Habit and leaf form. Trees, or shrubs; evergreen, or deciduous; laticiferous, or non-laticiferous and without coloured juice; resinous. Leaves cauline. Stem internodes solid. Self supporting, or climbing. Leaves alternate; spiral; ‘herbaceous’; petiolate (petiole more or less laterally ridged); flowers fragrant; simple. Leaf blades oblong (oblong-ovate), or obovate (to narrowly obovate or to oblong-obovate); veins prominent; cuneate at the base (narrowly, or decurrent). Leaves without stipules. Leaf blade margins entire. Leaf anatomy. Hairs present. Extra-floral nectaries absent. Stem anatomy. Secondary thickening developing from a conventional cambial ring.
Reproductive type, pollination. Fertile flowers hermaphrodite. Unisexual flowers absent. Plants hermaphrodite.
Inflorescence and flower features. Flowers aggregated in ‘inflorescences’; in panicles (usually). The terminal inflorescence unit racemose. Inflorescences terminal, or axillary. Flowers pedicellate (articulate just below the base of the calyx); bracteate (overlapping the base of the calyx); bracteolate (2 per flower); regular; 5 merous; cyclic; tetracyclic, or pentacyclic. Free hypanthium present (short), or absent. Hypogynous disk present; intrastaminal; annular. Perianth with distinct calyx and corolla; 3–5, or 6–10; 1 -whorled, or 2 -whorled; isomerous. Calyx present; (4–)5(–6); 1 -whorled; polysepalous, or gamosepalous; toothed (or ciliate); imbricate; regular. Sepals ovate (broadly; Note: this shape describes the free lobe of the joined calyx). Corolla present; (4–)5(–6); 1 -whorled; polypetalous; imbricate; white, or cream. Petals elliptic, or oblong (oblong-elliptic). Androecial members definite in number. Androecium 6. Androecial members free of the perianth; all equal; free of one another; 1 -whorled, or 2 -whorled. Androecium exclusively of fertile stamens, or including staminodes. Staminodes when present, 1–9. Stamens (8–)10(–12) (twice the number of petals); all more or less similar in shape; round the disc. Anthers basifixed; versatile; dehiscing via longitudinal slits; introrse; tetrasporangiate. Pollen shed as single grains. Gynoecium 4–5 carpelled. The pistil 1 celled. Gynoecium syncarpous (connate only at the base); synovarious; superior (usually). Ovary unilocular; 1 locular. Gynoecium stylate (the single fertile style is reduced). Styles 1 (1 fertile, 3–5 sterile); free; ‘gynobasic’ (having 3–5 sterile carpels whose the prominent stigmas function as gynobasic styles). Stigmas 5 (prominent and sterile, and 1 obsolete and fertile stigma). Placentation parietal, or basal. Ovules in the single cavity 1; pendulous, or ascending; apotropous; with ventral raphe, or with dorsal raphe; non-arillate; anatropous.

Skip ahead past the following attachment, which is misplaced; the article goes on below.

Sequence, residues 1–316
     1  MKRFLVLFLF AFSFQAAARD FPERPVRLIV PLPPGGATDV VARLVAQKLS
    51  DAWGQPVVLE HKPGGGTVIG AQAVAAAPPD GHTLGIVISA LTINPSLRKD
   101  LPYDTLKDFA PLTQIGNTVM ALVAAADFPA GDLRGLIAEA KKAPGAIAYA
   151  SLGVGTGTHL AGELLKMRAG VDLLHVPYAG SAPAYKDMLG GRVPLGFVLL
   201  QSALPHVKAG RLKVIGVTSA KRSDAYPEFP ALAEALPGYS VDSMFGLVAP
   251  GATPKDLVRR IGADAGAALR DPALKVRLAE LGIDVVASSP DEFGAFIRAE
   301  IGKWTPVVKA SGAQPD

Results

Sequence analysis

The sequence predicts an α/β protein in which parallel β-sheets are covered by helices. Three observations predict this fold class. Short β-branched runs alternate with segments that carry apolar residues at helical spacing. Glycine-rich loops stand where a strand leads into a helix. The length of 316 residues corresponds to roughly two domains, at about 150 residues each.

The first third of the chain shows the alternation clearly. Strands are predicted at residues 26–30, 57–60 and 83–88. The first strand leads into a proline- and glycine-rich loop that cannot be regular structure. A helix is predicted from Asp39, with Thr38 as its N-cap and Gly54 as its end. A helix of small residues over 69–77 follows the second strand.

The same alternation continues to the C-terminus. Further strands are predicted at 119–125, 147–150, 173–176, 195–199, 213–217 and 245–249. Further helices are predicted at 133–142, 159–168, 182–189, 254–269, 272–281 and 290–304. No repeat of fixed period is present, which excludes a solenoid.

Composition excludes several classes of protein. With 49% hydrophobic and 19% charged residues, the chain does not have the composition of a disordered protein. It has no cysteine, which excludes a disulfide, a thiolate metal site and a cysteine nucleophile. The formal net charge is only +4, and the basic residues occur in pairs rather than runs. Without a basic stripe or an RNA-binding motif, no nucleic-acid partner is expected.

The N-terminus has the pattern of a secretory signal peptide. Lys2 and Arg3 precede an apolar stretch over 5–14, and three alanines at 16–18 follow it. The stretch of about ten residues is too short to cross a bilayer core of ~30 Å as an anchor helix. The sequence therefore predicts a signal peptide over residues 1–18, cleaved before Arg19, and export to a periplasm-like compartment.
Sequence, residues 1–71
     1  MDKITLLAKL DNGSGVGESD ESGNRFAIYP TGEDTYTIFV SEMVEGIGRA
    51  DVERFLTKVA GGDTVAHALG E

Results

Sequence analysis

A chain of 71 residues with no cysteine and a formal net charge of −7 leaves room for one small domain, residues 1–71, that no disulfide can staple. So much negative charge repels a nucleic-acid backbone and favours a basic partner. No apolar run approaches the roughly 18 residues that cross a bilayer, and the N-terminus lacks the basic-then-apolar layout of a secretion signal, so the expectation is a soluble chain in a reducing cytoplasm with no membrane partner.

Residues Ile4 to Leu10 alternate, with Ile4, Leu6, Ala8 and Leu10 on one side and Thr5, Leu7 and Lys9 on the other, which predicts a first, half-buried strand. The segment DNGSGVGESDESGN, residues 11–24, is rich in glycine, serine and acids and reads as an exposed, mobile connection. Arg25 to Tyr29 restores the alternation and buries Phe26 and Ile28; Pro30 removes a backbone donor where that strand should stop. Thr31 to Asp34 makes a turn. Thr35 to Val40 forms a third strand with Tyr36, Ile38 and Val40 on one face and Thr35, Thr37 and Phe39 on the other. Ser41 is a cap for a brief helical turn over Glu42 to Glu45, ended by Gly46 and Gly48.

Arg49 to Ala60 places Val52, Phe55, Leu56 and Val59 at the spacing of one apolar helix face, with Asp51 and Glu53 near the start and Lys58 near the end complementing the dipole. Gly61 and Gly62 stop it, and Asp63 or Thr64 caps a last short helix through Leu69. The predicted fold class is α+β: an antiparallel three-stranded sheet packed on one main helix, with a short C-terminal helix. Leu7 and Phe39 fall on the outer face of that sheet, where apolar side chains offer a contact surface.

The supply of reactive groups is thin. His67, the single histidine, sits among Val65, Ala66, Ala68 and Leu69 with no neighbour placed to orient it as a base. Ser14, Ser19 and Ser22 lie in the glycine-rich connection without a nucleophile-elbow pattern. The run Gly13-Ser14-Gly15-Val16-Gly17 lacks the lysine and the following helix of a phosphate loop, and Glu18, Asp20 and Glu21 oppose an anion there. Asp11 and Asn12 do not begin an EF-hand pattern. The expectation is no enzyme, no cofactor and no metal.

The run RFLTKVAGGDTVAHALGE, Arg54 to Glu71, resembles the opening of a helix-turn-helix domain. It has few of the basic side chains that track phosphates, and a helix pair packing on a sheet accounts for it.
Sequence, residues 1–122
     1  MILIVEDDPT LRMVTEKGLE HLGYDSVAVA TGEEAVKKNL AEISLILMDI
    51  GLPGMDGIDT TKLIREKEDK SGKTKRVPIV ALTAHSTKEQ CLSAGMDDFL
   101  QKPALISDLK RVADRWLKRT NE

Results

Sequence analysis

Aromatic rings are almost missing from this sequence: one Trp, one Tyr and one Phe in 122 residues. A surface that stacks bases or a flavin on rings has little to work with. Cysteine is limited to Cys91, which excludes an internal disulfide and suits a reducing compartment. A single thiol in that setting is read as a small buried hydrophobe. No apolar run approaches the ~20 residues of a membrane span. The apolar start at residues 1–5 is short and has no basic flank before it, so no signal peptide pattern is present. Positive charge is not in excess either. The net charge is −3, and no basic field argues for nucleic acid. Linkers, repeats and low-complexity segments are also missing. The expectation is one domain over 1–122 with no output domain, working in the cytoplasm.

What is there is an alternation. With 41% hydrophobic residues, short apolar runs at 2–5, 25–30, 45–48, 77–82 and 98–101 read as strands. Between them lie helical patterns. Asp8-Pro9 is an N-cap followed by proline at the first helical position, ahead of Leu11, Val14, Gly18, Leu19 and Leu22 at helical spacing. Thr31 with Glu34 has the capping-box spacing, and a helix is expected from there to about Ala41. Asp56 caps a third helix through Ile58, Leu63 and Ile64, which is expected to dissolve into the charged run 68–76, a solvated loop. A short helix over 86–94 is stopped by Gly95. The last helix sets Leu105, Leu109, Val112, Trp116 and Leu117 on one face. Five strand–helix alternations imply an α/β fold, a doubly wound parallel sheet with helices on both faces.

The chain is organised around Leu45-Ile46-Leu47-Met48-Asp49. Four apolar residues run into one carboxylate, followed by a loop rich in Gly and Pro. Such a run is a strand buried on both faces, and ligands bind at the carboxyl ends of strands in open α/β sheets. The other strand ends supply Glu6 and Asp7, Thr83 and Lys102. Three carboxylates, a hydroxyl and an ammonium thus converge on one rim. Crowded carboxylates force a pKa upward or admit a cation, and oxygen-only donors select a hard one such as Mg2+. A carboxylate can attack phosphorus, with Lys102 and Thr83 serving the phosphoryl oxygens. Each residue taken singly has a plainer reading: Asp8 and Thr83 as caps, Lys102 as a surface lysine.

Fruit and seed features. Fruit fleshy (scarcely); indehiscent; a drupe; 1 seeded (per cell usually). Seeds non-endospermic. Cotyledons 2. Embryo curved.
Etymology. After Francis Hamilton (n?e Buchanan, 1762–1829).
Wheeler, J. R.; Rye, B. L.; Koch, B. L.; Wilson, A. J. G.; Western Australian Herbarium (1992). Flora of the Kimberley region. Western Australian Herbarium. Como, W.A.
Australia. Bureau of Flora and Fauna (1985). Flora of Australia. Volume 25, Melianthaceae to Simaroubaceae. Australian Govt. Pub. Service. Canberra.
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